this class?” asks one student. “Last year my English teacher wouldn’t let us.” Or, “Does my

    heading go on the right or left side of the page? My social studies teacher asks us to put it on the

    right side.” Such questions show that writing rules often shift and thus need our ongoing

    attention.

    Shifting standards do not mean that there is no such thing as correctness in writing—only

    that correctness always depends on some context. Correctness is not so much a question of

    absolute right or wrong as a question of the way a writer’s choices are perceived by readers. As

    writers, we want to be considered competent and effective. We know that our readers judge us

    by our control of the conventions we have agreed to use. Robert Frost said of composing poetry,

    “Trying to write without honoring the conventions and agreed-upon rules is like playing tennis

    without a net.” Therefore, a reliable, sanctioned set of rules needs to be constructed so that

    teachers can maintain a consistent method of writing instruction and assessment that students can

    recognize and build on from year to year.

    The purpose of this style manual is for North Allegheny School District students in

    grades 6 – 12 to have a standardized guide to reference when writing. The stylebook will be

    available to students at www.northallegheny.org under Academics/Communication Arts/English.

    http://www.northallegheny.org/

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    Writing: Three Main Modes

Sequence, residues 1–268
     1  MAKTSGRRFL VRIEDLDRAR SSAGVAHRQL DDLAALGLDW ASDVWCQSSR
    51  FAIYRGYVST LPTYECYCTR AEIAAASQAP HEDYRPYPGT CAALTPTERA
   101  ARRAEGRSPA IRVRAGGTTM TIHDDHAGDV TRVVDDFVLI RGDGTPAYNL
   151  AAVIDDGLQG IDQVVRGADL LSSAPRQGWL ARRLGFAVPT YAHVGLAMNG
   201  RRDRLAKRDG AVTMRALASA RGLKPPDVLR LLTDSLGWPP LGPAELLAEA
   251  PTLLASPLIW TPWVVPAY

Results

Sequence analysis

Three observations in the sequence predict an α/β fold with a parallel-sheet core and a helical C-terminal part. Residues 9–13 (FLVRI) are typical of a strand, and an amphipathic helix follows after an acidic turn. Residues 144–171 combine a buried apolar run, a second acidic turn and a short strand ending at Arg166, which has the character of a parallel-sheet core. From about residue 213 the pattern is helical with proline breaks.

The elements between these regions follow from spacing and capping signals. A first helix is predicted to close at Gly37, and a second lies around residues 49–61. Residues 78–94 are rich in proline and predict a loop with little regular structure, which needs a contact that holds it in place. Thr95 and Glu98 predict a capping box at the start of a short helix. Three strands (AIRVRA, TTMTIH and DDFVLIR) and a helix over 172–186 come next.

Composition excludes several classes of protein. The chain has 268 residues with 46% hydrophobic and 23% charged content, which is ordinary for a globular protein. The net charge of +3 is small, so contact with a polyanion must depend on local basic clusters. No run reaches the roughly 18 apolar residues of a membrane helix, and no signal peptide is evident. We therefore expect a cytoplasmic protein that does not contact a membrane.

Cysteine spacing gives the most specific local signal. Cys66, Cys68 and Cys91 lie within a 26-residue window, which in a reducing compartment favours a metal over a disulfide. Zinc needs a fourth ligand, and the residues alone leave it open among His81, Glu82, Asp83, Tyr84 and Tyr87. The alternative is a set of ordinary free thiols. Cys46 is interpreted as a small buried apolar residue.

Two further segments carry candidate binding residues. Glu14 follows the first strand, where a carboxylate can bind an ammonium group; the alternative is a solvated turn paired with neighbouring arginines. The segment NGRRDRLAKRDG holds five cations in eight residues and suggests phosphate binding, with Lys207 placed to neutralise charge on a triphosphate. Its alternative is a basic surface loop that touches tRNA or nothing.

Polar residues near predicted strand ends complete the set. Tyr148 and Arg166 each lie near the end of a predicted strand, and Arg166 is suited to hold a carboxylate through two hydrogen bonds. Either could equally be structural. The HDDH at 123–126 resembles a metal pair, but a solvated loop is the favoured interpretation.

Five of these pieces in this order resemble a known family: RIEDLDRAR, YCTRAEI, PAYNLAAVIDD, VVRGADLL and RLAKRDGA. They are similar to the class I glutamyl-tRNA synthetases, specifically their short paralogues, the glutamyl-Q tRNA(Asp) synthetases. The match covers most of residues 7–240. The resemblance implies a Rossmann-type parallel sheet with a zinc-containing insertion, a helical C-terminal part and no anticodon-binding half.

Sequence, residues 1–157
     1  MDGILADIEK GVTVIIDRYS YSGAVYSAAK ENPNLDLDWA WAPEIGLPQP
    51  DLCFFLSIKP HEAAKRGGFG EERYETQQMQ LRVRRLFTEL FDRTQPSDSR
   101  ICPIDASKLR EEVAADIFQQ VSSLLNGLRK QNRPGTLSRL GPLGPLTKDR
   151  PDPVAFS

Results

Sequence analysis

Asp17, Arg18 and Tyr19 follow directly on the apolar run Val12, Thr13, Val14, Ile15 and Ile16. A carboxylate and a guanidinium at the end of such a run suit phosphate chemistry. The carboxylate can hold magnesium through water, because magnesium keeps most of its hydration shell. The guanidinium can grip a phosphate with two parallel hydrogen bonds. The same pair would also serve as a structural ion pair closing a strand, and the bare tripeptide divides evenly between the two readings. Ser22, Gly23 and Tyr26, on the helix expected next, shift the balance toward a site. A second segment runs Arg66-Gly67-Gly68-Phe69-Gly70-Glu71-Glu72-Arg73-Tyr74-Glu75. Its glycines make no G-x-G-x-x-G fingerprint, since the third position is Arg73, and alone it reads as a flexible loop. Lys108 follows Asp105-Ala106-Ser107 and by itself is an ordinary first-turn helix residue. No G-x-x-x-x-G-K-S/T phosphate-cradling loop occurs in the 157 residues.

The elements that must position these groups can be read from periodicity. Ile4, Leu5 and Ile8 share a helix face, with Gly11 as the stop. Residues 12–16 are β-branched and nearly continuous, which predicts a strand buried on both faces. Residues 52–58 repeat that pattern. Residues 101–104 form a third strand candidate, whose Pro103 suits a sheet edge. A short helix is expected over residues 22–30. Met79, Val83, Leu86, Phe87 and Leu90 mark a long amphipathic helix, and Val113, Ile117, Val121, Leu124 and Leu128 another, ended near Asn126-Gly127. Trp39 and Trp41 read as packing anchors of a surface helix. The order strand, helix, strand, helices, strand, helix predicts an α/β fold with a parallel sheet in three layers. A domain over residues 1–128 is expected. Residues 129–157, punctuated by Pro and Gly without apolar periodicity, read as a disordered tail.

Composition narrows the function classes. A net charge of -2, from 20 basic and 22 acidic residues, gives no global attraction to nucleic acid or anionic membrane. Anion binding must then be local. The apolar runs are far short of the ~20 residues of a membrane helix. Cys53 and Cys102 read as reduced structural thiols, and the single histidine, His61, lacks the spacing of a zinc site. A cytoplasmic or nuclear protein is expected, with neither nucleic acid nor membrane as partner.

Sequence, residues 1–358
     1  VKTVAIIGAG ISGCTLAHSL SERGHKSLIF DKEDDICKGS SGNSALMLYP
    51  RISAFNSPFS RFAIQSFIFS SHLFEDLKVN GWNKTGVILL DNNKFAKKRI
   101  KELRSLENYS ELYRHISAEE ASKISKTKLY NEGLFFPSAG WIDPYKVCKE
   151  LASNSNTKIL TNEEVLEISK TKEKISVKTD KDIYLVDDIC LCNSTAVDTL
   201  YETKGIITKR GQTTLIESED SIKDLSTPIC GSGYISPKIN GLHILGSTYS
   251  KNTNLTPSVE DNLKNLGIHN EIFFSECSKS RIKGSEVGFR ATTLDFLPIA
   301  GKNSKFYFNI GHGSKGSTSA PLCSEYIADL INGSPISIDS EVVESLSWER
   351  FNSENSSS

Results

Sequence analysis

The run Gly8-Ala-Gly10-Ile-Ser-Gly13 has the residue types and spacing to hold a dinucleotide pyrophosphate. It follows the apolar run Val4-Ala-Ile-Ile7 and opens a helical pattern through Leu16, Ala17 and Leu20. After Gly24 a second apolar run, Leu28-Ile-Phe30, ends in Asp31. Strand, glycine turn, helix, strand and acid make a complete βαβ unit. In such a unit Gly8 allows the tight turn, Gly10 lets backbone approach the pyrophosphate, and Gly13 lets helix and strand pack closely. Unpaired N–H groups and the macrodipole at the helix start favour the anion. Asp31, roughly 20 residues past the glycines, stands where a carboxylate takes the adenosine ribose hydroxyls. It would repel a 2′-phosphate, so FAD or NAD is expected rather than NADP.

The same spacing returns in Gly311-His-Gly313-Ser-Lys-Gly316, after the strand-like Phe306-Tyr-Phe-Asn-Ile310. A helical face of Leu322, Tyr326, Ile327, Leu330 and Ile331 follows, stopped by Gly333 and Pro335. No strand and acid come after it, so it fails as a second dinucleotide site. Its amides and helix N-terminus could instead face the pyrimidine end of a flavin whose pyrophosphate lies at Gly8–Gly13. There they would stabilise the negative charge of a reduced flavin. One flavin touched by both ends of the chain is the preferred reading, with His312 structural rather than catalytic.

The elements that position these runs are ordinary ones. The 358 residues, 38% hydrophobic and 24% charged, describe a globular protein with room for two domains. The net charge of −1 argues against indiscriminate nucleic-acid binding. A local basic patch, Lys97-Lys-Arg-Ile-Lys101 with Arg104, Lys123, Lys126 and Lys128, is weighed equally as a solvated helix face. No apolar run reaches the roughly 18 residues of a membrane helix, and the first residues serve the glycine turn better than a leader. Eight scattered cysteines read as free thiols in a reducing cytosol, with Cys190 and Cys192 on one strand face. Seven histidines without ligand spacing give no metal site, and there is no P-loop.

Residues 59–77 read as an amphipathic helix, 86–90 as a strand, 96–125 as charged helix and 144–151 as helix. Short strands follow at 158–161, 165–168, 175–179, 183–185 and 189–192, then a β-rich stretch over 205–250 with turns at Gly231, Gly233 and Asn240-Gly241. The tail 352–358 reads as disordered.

Competent writing skills are essential for students’ success at every grade level, across all disciplines, and in the real world. In order to ensure that all students learn and practice proficient writing skills, North Allegheny has adopted standardized language, procedures, and assessment tools that will allow students to confidently and effectively enhance their writing skills from year to year. In addition, a district-wide, shared approach to writing instruction and assessment will assist in students’ achievement on the PSSA (Pennsylvania System of School Assessment) tests. The Writing PSSA in grade 5 tests students in three modes of writing: narrative, informational, and persuasive. Grades 8 and 11 are tested in two modes: persuasive and informational.

    Narrative Narrative writing tells a story or relates an incident. This type of writing depends on the development of plot, point of view, character(s), theme, conflict, style, and setting. A narrative essay may be personal or imaginative. Personal narrative essays are based on the writer’s own experience, while imaginative narratives allow a writer to invent a story. Examples of narrative prompts: